As thought-provoking as it is timely, Two Men in Town resonates long after you’ve finished watching. This 1973 crime-drama is a compelling narrative that presents social issues in an easily digestible manner than in turn allows the audience to come to their own conclusions regarding the topics involved. This is the first French film I’ve seen that wasn’t an art film, and if there are more out there like this count me in.
The story follows a recent parolee, Gino (Alain Delon) whose sketchy past as a safe-cracker landed him in jail for the past decade. With the help of his prison social worker and seemingly only friend, Germaine (Jean Gabin), Gino attempts to build a new life away from world of criminal activity.
It isn’t long before his old buddies try to rope him back into the safe-cracking game, and a young Gerard Depardieu is among the goons that want him back for another job. But Gino’s life is perfect…at least at the start. A series of tragic events lead him down a path that may or may not tempt him back into the world he once knew so well. But fate once again intercedes and he finds new hope once again.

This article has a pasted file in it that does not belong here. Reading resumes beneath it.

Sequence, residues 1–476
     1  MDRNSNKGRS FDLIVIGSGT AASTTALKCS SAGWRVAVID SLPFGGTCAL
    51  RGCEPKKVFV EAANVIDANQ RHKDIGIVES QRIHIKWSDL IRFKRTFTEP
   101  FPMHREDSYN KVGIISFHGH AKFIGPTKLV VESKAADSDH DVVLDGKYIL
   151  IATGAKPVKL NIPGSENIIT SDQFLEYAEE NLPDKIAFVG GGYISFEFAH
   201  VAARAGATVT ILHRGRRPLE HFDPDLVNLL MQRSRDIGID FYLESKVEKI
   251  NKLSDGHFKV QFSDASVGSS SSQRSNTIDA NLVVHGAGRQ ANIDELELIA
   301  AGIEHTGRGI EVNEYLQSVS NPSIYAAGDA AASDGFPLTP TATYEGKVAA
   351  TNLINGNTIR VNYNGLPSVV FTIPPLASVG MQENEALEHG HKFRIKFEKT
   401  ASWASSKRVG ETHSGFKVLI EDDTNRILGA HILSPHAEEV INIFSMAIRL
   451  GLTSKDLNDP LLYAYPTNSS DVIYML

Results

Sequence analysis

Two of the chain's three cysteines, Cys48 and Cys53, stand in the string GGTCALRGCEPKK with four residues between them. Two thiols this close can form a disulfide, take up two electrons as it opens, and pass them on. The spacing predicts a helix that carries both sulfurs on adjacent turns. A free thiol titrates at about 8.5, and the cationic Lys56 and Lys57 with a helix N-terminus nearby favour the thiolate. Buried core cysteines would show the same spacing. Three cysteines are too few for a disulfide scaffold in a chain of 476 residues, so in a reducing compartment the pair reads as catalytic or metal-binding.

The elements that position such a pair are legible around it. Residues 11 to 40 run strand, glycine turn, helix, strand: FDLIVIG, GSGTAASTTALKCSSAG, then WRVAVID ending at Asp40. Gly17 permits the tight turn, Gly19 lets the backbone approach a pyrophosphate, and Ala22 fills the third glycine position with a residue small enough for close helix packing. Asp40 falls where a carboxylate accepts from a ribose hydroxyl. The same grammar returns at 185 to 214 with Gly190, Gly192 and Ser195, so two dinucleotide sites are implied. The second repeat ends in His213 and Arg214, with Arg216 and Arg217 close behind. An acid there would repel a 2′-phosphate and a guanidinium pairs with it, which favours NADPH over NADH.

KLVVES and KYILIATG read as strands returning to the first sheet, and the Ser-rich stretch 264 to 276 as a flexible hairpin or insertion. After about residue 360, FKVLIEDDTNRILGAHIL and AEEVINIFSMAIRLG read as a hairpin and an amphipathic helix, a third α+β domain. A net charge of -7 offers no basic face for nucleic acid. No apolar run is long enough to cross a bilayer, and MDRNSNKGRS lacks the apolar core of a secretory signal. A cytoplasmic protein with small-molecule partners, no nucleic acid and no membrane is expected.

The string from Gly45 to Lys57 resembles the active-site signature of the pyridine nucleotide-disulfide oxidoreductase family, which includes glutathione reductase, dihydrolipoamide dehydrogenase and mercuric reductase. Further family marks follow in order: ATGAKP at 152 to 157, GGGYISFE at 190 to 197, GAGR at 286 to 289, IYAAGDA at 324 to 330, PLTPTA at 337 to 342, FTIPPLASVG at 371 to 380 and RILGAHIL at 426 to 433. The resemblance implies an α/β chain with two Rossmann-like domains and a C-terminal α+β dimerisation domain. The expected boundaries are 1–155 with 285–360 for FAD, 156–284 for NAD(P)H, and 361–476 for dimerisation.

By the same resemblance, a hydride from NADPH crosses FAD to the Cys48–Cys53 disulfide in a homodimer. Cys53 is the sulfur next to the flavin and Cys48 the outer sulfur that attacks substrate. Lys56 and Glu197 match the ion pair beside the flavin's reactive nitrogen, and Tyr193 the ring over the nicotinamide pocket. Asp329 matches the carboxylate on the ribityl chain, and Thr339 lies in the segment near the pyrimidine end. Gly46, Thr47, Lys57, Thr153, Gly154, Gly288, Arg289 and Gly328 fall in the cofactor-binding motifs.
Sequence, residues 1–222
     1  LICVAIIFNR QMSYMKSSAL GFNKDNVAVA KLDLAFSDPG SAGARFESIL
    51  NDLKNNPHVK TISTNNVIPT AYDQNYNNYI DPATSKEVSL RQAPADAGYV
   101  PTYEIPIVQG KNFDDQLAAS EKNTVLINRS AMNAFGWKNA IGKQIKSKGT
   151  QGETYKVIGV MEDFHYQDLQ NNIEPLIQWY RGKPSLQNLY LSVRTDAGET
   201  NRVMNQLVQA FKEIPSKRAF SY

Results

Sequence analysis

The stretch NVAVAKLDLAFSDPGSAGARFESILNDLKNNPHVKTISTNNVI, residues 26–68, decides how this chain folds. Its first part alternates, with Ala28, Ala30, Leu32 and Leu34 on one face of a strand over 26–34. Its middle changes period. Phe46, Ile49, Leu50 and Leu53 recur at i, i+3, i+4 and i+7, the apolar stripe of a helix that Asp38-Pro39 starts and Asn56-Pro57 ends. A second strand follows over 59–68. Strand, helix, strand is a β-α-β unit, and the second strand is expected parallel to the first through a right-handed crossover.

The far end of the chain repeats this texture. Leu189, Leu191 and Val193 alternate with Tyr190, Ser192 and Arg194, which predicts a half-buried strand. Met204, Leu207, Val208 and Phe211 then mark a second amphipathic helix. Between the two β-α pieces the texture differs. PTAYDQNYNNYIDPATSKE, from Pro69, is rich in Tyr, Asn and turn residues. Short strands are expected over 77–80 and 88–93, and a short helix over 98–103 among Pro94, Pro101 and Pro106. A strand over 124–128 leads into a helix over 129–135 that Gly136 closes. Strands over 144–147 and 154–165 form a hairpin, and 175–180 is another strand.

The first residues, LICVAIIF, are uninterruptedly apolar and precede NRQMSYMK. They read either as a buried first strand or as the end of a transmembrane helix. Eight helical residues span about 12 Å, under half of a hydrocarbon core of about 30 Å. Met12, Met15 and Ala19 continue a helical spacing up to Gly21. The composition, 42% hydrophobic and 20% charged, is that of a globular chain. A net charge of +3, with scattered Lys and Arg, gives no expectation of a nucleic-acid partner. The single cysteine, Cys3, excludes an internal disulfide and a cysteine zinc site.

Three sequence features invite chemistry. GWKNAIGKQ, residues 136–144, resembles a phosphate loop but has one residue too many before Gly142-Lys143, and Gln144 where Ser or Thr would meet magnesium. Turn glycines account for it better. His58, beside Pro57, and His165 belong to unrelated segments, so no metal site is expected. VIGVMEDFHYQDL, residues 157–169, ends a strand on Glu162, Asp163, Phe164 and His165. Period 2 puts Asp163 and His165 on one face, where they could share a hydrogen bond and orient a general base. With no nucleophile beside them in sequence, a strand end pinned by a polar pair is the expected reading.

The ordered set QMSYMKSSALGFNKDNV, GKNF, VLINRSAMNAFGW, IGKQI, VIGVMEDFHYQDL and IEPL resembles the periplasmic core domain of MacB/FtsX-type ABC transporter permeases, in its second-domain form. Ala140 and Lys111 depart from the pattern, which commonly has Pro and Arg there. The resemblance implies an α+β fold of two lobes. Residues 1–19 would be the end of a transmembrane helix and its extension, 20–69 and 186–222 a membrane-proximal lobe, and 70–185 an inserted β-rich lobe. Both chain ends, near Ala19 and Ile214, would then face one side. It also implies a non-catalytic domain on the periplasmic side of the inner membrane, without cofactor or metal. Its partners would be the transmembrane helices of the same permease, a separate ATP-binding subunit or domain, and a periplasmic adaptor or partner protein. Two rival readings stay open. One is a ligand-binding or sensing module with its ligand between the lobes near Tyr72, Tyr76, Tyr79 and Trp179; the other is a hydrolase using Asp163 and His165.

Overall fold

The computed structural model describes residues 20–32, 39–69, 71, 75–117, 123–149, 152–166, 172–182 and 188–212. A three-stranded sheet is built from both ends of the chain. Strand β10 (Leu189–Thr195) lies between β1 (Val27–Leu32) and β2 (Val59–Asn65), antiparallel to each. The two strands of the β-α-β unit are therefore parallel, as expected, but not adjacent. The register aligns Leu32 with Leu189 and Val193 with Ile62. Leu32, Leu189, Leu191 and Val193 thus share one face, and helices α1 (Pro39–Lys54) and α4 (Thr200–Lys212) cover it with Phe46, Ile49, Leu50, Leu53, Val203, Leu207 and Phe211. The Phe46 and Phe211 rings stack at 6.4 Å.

His dreams of a bright future are soon dimmed by the reappearance of the over-zealous cop who took Gino and his gang down a decade before, and the cop is determined to catch Gino at his old tricks. Can Gino overcome to obstacles set before him and win against the odds, or is the deck stacked too high against him?
Two Men in Town triumphs thanks to excellent performances and its approach to social issues still relevant today. Just to forewarn you, the film is in French with English subtitles, but that shouldn’t deter you from checking out the film if you’re intrigued by the subject matter or French cinema in general.
I highly recommend Two Men in Town, part of the Cohen Film Collection.
Two Men in Town is available NOW on Blu-ray.